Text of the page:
• Competitiveness: Identify core products and services that are most likely to maintain technological or market competitiveness, determine the timeframe for how long such competitiveness is likely to continue, and evaluate the legal and regulatory framework related to supplying such products and services in China.
  • Implementation trends: Monitor industry standardisation as well as informal implementation of how localisation is defined, conscious of local and sector variances. Closely track the localisation strategies of domestic and international competitors, and assess how these efforts affect your localisation status and market competitiveness.
  • Benchmark: Benchmark the positioning of your business and key products. Assess the degree of localisation of your business, your main products and services supplied or to be supplied to China, and the products and services of your main competitors.
  • Assessing options: Assess the feasibility of different localisation strategies (such as manufacturing, supply chain and core components), including both the advantages and the potential risks, as well as the time and resources required for each strategy. Don’t forget to include broader, often overlooked, risks such as geopolitical, data security and reputational challenges associated with localisation in China. Identify and conduct due diligence on potential local partners.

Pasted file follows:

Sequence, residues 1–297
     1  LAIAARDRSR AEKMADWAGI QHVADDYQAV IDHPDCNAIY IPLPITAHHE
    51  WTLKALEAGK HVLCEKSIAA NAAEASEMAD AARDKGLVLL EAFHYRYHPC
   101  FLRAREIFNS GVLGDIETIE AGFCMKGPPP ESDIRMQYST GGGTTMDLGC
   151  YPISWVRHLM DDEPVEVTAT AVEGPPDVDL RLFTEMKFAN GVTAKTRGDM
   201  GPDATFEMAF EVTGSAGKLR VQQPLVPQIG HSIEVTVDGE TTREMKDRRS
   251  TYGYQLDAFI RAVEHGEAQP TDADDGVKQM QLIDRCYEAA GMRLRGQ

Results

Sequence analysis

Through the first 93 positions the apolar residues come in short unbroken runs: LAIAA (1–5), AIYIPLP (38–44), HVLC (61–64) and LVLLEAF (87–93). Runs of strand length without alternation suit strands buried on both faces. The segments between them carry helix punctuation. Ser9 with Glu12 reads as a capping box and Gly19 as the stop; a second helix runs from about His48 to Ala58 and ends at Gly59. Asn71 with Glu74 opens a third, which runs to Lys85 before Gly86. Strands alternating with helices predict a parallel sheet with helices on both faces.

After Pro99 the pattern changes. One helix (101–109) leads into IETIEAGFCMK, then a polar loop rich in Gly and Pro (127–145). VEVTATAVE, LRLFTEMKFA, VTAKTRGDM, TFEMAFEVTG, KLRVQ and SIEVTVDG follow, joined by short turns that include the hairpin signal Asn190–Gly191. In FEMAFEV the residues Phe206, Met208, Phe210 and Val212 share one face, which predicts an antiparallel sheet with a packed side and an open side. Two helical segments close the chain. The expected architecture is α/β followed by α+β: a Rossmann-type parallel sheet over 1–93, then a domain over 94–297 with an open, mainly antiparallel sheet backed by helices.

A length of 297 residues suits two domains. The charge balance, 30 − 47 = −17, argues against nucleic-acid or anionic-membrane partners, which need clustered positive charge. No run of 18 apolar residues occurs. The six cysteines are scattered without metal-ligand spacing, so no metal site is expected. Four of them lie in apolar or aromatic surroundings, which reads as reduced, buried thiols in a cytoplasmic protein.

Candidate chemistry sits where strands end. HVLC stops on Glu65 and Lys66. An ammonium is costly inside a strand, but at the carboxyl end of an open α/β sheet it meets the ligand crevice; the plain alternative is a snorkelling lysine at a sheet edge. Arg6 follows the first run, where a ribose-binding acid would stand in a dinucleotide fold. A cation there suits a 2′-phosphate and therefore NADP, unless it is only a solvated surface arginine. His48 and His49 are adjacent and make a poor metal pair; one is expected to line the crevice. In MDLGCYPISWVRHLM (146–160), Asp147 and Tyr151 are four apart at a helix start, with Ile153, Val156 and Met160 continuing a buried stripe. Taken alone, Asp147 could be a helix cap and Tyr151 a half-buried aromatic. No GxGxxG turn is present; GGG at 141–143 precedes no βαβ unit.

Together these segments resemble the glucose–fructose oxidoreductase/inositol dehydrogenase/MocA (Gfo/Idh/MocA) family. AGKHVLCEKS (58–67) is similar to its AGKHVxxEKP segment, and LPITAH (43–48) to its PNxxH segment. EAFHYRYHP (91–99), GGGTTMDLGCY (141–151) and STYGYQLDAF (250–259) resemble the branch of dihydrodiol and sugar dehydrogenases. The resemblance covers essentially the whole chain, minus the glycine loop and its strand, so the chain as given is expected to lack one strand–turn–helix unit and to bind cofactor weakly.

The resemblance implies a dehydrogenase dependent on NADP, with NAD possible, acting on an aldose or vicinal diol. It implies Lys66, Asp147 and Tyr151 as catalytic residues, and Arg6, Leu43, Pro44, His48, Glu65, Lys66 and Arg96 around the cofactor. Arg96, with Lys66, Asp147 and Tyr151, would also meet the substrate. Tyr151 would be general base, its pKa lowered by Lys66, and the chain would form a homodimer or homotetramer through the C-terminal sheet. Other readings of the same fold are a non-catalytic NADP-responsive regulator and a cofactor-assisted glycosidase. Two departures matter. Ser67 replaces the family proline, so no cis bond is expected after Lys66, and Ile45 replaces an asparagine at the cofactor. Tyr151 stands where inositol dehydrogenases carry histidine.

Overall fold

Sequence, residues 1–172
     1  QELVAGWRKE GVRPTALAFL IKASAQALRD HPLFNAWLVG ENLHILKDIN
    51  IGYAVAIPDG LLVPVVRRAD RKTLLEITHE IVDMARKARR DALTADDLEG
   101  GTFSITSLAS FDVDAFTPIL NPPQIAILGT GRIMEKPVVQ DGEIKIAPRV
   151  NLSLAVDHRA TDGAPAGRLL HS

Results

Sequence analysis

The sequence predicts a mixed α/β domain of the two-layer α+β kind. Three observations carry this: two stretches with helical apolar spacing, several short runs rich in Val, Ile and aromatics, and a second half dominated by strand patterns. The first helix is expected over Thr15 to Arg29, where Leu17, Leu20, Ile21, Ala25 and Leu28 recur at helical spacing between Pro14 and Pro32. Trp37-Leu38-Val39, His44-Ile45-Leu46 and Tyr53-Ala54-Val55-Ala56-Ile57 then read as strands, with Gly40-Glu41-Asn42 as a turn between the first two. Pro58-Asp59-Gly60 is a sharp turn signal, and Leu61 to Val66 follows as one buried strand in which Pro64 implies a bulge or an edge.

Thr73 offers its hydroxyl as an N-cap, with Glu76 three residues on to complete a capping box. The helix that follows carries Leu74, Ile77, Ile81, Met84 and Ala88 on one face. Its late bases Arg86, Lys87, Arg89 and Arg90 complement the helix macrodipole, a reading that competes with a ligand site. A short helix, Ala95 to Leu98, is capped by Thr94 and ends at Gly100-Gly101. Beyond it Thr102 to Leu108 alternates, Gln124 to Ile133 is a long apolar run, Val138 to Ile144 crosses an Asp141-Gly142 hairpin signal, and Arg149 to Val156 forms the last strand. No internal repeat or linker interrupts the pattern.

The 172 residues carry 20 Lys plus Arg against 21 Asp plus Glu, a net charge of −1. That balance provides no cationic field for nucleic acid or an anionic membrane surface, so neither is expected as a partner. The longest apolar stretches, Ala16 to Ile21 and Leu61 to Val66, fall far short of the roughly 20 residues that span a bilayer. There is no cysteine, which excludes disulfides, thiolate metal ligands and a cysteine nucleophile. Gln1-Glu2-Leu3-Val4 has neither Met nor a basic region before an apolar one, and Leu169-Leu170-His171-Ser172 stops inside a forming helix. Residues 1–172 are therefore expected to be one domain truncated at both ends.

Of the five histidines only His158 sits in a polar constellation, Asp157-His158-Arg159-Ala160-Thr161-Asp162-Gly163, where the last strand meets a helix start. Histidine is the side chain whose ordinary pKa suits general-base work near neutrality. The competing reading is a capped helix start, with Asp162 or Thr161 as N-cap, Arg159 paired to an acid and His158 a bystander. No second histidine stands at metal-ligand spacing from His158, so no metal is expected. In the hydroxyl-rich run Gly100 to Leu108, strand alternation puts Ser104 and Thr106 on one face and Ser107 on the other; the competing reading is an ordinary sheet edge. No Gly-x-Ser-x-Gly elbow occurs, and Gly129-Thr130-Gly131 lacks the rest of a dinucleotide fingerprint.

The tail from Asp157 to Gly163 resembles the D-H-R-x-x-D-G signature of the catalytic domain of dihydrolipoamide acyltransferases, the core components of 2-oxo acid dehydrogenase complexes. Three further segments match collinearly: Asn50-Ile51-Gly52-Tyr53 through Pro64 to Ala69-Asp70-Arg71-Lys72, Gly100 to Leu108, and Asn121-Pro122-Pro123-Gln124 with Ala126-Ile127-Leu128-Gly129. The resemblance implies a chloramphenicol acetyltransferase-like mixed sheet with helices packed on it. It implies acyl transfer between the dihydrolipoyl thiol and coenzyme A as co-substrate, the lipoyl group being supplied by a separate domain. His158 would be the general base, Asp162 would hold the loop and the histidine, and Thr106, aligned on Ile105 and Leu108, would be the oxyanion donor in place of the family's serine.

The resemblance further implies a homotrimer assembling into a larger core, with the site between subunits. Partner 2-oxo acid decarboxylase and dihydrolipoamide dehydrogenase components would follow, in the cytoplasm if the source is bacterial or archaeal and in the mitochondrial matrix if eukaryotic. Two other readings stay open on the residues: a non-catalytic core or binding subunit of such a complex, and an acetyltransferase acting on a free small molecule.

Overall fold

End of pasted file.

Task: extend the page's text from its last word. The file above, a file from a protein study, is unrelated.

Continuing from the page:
• Perception audit: Map key stakeholders, including the government, regulators and customers. Where applicable, identify areas where marketing, government affairs and product development strategies can be strengthened to elevate the perception of your business’ ‘local status’.

Zhixing Zhang is an associate director at Control Risks. Based in Shanghai, she is responsible for delivering and developing Control Risks’ analytical products and providing consulting services in geopolitical, political, security and operational risks pertaining to China and North-East Asia.

Control Risks is a specialised risk consultancy committed to helping clients build organisations that are secure, compliant and resilient in an age of ever-changing risk and connectivity. We have unparalleled experience in helping clients solve the challenges and crises that arise in any ambitious organisation seeking to convert risk into opportunity globally. The insight and depth of experience we have gained over more than forty years proves invaluable in giving our clients the intelligence they need to grasp opportunities with greater certainty.